U.K. to Change EU Referendum Question: ‘Remain’ or ‘Leave’

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The U.K. government will change the wording of the question in its planned referendum on European Union membership after the country’s election watchdog said there could be a “perception of bias” in the original formulation.

The government accepts a recommendation by the Electoral Commission that the question be changed to: “Should the United Kingdom remain a member of the European Union or leave the European Union?” Prime Minister David Cameron’s spokeswoman, Helen Bower, told reporters in London Tuesday. The options to respond will be “Remain a member of the European Union” or “Leave the European Union.”

Cameron has pledged to renegotiate better EU membership terms for the U.K. and give the British people the final say in a popular vote to be held by the end of 2017. The new formulation may be slightly favorable for the campaign to quit the 28-nation bloc, past polling has suggested.

In the bill that’s been submitted to Parliament, the government had been proposing to ask: “Should the United Kingdom remain a member of the European Union?” with the options of “Yes” and “No” answers.

“We will accept the recommendation and table an amendment to the bill,” Bower said.

ComRes Polling

Polling carried out in May by ComRes gave ‘Yes’ a lead of 58 percent to 31 percent when respondents were asked the ‘Yes/No’ question. A similar-sized sample of voters asked at the same time whether Britain should stay in or leave the EU produced a smaller lead for ‘stay in’ of 51 percent to 33 percent.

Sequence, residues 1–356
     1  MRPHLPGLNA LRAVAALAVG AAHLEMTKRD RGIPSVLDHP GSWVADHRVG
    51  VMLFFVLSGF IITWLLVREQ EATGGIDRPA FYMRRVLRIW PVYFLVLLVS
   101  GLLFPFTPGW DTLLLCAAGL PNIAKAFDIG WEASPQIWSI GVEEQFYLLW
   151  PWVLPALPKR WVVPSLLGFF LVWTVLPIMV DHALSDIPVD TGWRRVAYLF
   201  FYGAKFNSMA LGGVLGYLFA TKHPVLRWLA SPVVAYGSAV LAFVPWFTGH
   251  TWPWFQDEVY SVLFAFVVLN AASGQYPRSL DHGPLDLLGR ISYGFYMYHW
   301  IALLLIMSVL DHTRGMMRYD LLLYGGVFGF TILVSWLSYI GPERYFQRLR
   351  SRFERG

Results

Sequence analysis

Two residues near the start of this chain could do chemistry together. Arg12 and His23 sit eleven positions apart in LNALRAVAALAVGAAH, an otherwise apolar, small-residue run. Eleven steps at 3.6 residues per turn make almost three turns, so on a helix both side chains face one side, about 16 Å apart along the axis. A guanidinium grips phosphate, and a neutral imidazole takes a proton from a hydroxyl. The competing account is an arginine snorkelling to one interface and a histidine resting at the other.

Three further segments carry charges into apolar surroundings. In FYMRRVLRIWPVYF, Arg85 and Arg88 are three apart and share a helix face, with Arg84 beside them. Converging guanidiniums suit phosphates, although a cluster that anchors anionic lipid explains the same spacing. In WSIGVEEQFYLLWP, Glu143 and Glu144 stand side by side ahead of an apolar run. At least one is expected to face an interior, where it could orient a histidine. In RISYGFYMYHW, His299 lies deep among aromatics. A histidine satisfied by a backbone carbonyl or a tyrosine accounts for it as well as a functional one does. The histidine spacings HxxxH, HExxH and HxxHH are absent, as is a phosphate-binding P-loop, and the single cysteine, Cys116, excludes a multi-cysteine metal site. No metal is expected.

Still, the wording of the question is “unlikely to make too much difference” to the final result, ComRes’s head of political polling, Tom Mludzinski, said in a Twitter post.

“Any referendum question must be as clear as possible so that voters understand the important choice they are being asked to make,” Electoral Commission Chair Jenny Watson said in an e-mailed statement earlier Tuesday. “Whilst voters understood the question in the bill, some campaigners and members of the public feel the wording is not balanced and there was a perception of bias.”

U.K. Independence Party leader Nigel Farage, who told BBC Radio Tuesday morning that he “will work with absolutely anyone for us to get a ‘No’ vote in this referendum,” welcomed the change.

“I’m in no doubt that the ‘Yes/No’ offering was leading to great confusion and that remain or leave is much clearer,” Farage said in an e-mailed statement. “That combined with a more explicit question is the right direction of travel.”

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